Philip Salom, ‘Alterworld’ in The Compulsive Reader


A review of Alterworld by Philip Salom, The Compulsive Reader January 2015

There’s nothing bucolic about the poetry in Philip Salom’s Alterworld. Reading these poems can be uncomfortable, confronting and confusing, moving through a series of imagined worlds full of death, destruction, unhealthy sex and occasionally hope and nirvana (though no Salom nirvana is without its dark side). Taken as a collection, the book takes the reader on a journey that, despite the difficulty, is epic. There’s a huge and complex imagination at work here: with worlds as tightly plotted as that of any speculative fiction, and stories that drag us in, attract and repel at the same time. Once you’re sucked into these intimately related, but different worlds, it’s hard to look at life around you in quite the same way.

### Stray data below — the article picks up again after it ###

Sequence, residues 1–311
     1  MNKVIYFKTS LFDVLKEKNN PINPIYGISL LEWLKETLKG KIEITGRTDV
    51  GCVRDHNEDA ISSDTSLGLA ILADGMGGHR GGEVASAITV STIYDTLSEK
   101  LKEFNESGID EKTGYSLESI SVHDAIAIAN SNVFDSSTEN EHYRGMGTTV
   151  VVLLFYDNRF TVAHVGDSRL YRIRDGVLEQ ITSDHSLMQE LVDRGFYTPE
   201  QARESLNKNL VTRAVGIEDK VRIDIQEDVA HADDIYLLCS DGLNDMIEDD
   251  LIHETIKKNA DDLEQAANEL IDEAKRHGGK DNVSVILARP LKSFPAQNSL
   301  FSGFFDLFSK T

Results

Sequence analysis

The work begins with the republished 1987 collection Sky Poems, a modern take on heaven. This is no Catholic heaven, or happy, easy place meted out as a reward for earthly goodness. Instead, it’s a writer’s heaven – arrived at through death, empty as a white page, ironic, self-aware and in need of a creative act: “There need be no Newton, no discoveries but your own.” (“Instructions for Living in the Sky”). In many ways, art (Art) is the only thing that matters in this heaven – the bringer of immortality and shifting but eternal imagery. Here there is no God as such, but a range of gods – both Abrahamic, mythological, performers, and above all, the artists, such as Cartier-Bresson, whose photographs stimulate an ekphrasis response, taking us from image to image “like his velocipede on its spinning wheels.”:

Invisibly, but we know it, in that air,
there’s a step everywhere, the same step leads up,
awaits us all, our foot-shock, a flash of white …
There’s a blue opening in the brain – the sky light,
The chute upwards to a place of flight.
Below it we feign to be land livers but for moments
Can throw off this delirium of the ground. (“Flight: Images from Cartier-Bresson”)

Not all of the first section is heavenly. After lulling the reader into a false sense of security with poems of open windows and open possibilities, the dark side of human frailty appears. There are jealousies, betrayals, masks, psychological disorders, dreams and nightmares, but above all, this is a sky where creation happens, either purely or perversely.